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Navy Medicine Partners With FBI, Explores Craniofacial Reconstruction I Navy Medicine 



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Written on OCTOBER 6, 2011AT 8:30 AM PROSS NaVy MedicinG VlcleO 



Navy Medicine Partners With FBI, Explores 
Craniofacial Reconstruction 

FUedund. UNCATEGORIZED NO COMMENTS 



By Capt. Gerald Grant, director of the Craniofacial Imaging Research Group, Naval 
Postgraduate Dental School, directorate of Navy Medicine Manpower Personnel Training 
and Education Command and service chief of 3-D Medical Application Center, Bethesda, 
Md. 




My team and 1 are currently involved in 
some unique craniofacial reconstruction 
projects and we're partnering with the FBI 
to do it. We are developing a process where 
digital images of the skull and the complete 
head are captured during dental in- 
processing of service member recruits. 



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battlefield. 



The process will provide a digital template 
for craniofacial reconstruction to be used if necessary in the event of combat trauma. 1 have 
found that the use of digital 3-D images to produce cranial implants for our wounded 
warriors has reduced the fabrication and surgical time by more than half. By taking images 
at the time of entry into service, we are able to use the original images of personnel to 
improve our reconstructions, minimize operating room (OR) time, and create better 

outcomes. Navy Medicine Social Media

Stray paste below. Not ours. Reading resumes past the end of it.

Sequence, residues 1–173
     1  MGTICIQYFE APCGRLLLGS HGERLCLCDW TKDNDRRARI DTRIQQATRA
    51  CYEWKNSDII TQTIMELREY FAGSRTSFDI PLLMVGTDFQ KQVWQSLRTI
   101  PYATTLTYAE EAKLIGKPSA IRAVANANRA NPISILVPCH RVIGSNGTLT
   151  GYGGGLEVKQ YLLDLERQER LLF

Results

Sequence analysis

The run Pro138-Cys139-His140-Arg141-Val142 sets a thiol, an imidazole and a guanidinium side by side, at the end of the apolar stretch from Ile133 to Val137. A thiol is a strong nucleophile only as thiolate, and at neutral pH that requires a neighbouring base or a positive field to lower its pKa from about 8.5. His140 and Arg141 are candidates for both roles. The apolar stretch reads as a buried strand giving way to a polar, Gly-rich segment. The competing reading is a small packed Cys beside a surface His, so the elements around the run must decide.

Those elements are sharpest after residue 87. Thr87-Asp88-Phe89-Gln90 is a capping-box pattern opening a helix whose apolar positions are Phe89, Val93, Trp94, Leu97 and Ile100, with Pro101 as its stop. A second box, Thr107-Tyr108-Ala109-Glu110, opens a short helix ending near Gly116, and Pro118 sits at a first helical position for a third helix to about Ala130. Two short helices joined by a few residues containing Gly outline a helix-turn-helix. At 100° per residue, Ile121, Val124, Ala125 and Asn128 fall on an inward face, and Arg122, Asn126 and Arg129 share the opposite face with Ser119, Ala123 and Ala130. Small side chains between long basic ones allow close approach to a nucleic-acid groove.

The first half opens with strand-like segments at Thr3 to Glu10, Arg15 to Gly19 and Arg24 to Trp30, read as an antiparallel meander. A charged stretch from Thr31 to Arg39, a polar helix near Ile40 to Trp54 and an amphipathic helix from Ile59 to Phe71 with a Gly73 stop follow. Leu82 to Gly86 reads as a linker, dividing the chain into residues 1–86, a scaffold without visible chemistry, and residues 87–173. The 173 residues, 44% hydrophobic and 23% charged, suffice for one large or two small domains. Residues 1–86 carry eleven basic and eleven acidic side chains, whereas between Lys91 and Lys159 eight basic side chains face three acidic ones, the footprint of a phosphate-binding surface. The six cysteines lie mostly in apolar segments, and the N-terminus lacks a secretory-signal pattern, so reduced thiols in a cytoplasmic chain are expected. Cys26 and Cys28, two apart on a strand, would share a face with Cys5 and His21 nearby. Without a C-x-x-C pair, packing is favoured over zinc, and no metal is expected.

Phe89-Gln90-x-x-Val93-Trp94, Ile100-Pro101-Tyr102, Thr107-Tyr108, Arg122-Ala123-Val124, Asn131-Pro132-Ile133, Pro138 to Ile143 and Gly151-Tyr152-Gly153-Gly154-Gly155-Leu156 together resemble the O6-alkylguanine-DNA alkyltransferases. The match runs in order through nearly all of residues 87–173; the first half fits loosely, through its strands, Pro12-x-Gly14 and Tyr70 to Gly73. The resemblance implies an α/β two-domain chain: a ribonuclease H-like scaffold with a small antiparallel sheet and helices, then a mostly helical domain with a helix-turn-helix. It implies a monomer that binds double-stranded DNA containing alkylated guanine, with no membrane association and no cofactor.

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Images are computed from CT scans, MRIs, Cone Beam CT scans and a host of other data 
sources. We take those images and produce a "virtual 3- D model," which we can register with ^^jff^Tfjf!^ J oin us on Facebook 
other models, remove parts and develop a surgical plan. This is cutting edge medical/ dental 

research. The data we capture involves both skeletal and surface capture of the head and lOj '^^^^ Read our publications 
presently there are only a few small databases with that type of information. Our database 

will potentially be the largest and most diverse database of craniofacial images in the world r ■ - ■ t r- i a. a. 

f ll^l^HT View our photo stream 
which is why we have attracted the attention of have other organizations including the FBI I 1 1^ l\ I 

for partnership on the project. 

YQU^'^i^ Watch our videos 

The FBI needs a way to identify thousands of human skeletal remains that they have 
throughout the United States. As such, they have developed a couple of protocols where a 
craniofacial database would be of great use. 

Navy Medicine Live Archives 
I am currently working on an identification program called ReFace for them. I have a limited March 20 15 (5) 

number of Head CT scan images that represent Caucasian, black, and Asian men and women. 

We can place a CT scan of a skull into the program and it will do a reconstruction of the face February 20 15 ( 16) 
from the data it contains. 1 have developed an obj ective measure to validate their software so j an^ajy 20 15 ( 12) 

we can see how accurate it is and 1 am continuing to work with the FBI and software 

December 20 14 (17) 



http://navymedicine.navylive.dodlive.mil/archives/940[3/9/2015 1 :33:35 PM] 



Navy Medicine Partners With FBI, Explores Craniofacial Reconstruction I Navy Medicine 

developers to increase the accuracy and add more data. 

This data can be used to develop a system where we can reconstruct cranial defects for 
fabrication as well. It is pretty cool when all the data looks back at you in the form of a face 
and that's where the FBI wants to identify the face and link it to a real person. 

Although the FBI studies are more directed toward forensic identification, the software works 
to provide reconstruction information as well, which is more in tune with what we want to 
study for the Navy. Either way, by leveraging the skills and resources of both of our 
organizations, we are developing a process that will benefits multiple parties, especially our 
wounded warriors who have sacrificed so much already. 1 am proud to be a part of this 
program and look forward to continue my work on this critical project. 



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